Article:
In dangerous situations, often one has only seconds to make the right move which can be the difference between life and death. To even the odds, there are certain survival facts that can better inform one’s decision-making skills in an unsafe spot. To better prepare for such circumstances, here are three common dangerous scenarios and the steps to best prepare for them.
It is generally misunderstood what will likely cause death in a fire. Most picture burning to death in a horrific way, but actually, most just suffocate on smoke before the flames have even touched them. With the added pressure of intense heat, it’s easy to pass out in the scenario of a fire.
To avoid this, one should travel on their hands and knees or crawl. Smoke collects at the top of a room, so to safely exit keeping one’s head as low as possible is key. This is more common knowledge, but it’s important to also check the heat on doorknobs before opening them. But while the more mainstream tip is to check with the back of one’s hand, it is much quicker to just use any nearby cloth to open doors with possible fire beyond them.
Airplane crashes are not as lethal as they seem. More than 76% of persons involved in plane crashes survive according to Ben Sherman’s “Survivor’s Guide”. So the most important factor in an emergency crash is to stay calm.
A lot of precautions can also be made. 80% of crashes happen within minutes of take-off and landing, so one only needs to really pay attention during those minutes of the flight in order to ensure swift action in the case of a crash. During that time, one needs to make sure they have all their valuables on them. Far too often after crashes passengers spend life-saving seconds grabbing their carry-ons.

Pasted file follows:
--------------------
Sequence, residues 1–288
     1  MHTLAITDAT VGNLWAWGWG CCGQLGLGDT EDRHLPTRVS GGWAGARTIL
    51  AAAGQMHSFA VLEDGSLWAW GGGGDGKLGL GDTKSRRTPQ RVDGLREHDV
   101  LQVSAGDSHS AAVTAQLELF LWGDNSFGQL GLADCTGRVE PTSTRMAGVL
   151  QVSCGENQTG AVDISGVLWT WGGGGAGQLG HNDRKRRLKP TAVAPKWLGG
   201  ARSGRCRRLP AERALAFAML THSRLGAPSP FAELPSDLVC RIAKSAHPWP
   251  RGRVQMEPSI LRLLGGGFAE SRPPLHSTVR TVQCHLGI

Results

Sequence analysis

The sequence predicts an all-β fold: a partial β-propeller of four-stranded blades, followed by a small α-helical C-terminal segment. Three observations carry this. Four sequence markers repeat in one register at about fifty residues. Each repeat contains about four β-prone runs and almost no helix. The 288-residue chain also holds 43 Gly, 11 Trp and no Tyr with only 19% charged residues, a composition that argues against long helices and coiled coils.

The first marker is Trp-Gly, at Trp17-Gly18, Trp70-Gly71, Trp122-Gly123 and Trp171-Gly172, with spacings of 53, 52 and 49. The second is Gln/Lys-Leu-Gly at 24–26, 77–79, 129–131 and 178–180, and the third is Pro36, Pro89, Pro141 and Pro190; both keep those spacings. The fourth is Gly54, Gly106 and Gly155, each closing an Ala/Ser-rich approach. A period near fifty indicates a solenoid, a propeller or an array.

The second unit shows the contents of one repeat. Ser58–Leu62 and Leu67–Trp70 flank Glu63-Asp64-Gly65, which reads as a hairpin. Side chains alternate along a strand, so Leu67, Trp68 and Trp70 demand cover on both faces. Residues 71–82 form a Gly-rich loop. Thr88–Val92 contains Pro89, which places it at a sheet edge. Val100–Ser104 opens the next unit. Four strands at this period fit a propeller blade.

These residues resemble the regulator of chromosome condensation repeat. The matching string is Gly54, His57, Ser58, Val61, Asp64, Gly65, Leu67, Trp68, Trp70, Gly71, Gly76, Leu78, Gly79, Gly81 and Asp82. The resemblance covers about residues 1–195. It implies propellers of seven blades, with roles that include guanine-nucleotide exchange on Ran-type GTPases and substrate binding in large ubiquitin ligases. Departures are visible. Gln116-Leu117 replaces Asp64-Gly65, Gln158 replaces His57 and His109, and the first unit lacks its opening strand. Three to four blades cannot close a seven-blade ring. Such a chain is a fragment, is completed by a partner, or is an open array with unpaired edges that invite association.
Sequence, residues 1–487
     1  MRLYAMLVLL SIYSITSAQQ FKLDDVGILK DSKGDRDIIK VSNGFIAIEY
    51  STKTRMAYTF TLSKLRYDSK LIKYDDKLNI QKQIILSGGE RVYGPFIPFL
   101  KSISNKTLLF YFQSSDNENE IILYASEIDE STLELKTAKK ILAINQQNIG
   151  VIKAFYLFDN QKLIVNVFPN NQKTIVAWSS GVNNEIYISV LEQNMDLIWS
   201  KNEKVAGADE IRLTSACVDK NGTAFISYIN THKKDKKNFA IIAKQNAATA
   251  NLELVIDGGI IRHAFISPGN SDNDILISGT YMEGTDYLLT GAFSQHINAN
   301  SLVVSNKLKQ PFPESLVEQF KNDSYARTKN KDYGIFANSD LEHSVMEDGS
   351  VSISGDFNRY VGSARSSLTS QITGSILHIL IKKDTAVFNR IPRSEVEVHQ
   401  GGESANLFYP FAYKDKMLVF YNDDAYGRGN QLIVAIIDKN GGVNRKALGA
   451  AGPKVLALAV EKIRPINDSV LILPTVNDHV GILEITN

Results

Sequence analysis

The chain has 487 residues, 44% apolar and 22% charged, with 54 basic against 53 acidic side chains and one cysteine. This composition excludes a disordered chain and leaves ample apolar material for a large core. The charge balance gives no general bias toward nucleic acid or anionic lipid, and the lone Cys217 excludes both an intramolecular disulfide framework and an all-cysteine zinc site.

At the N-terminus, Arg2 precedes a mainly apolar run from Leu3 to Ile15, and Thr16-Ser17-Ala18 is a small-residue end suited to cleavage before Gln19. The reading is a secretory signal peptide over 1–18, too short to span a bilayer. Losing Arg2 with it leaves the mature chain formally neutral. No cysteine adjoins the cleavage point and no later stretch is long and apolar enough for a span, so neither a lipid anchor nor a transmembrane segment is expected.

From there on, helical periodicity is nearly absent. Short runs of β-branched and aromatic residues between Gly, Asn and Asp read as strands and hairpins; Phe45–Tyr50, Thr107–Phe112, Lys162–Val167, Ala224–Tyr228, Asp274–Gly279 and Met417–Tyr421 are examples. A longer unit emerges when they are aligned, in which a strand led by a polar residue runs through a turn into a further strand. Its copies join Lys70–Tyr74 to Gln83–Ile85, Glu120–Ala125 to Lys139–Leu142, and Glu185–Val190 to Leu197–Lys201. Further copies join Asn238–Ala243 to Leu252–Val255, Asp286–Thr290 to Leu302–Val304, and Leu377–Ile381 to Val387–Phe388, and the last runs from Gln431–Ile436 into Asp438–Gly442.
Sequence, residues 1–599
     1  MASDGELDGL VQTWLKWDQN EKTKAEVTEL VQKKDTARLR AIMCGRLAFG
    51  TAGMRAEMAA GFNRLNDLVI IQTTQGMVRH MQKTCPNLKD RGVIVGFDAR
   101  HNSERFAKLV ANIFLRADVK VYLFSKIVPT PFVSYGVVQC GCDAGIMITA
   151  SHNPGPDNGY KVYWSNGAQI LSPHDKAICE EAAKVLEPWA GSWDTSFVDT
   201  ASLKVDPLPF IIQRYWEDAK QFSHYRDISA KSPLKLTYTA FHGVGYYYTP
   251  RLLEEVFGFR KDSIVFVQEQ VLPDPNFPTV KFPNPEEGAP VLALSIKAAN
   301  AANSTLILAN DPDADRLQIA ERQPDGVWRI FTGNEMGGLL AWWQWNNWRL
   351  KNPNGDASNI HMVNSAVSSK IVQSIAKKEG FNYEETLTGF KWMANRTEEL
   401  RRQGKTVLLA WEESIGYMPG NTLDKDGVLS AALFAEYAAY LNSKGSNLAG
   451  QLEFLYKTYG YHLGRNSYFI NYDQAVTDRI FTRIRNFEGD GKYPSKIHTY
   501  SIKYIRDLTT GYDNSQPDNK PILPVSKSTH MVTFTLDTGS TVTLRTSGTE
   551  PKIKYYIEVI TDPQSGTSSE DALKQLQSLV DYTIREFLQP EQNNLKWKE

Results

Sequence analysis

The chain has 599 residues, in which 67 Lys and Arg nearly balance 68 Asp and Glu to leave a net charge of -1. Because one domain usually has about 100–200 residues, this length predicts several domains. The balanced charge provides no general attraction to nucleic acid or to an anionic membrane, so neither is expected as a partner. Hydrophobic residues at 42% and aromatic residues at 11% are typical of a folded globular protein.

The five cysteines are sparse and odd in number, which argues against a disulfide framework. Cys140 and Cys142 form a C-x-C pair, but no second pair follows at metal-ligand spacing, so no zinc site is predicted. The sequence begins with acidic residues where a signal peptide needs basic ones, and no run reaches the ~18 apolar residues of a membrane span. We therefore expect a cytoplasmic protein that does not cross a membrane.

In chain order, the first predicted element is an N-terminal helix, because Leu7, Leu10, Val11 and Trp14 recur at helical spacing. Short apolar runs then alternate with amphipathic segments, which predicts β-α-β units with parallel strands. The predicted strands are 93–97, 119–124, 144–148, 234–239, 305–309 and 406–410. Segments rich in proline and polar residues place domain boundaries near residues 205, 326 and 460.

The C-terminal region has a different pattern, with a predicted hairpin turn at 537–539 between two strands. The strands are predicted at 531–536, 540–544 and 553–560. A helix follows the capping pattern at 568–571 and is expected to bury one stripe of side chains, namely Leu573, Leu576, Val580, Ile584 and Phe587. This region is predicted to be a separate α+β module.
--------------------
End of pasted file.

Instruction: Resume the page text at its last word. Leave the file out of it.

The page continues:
To put it into perspective, passengers only have about 90 seconds to evacuate. It may seem like a short time, but if one checks for the exits while entering the plane, the odds go up much more that one would know where to go in case of an emergency evacuation.
In the scenario that one is stuck in a place with freezing temperatures and no heating, there is a makeshift DIY heater which could prove useful. Place either bricks or tiles onto a flat surface, and place the candles onto that surface. Then cover the lit candles with a bowl or pot. The materials are all it takes to get warm.
In the case of extreme heat, one should drink plenty of water and even wet pieces of cloth to put on easily heated up areas like one’s neck or forehead. One should also wear loose-fitting clothing made from fabrics such as cotton or linen. The goal in hot temperatures is to not dehydrate or overheat, so staying in open and shaded areas is key.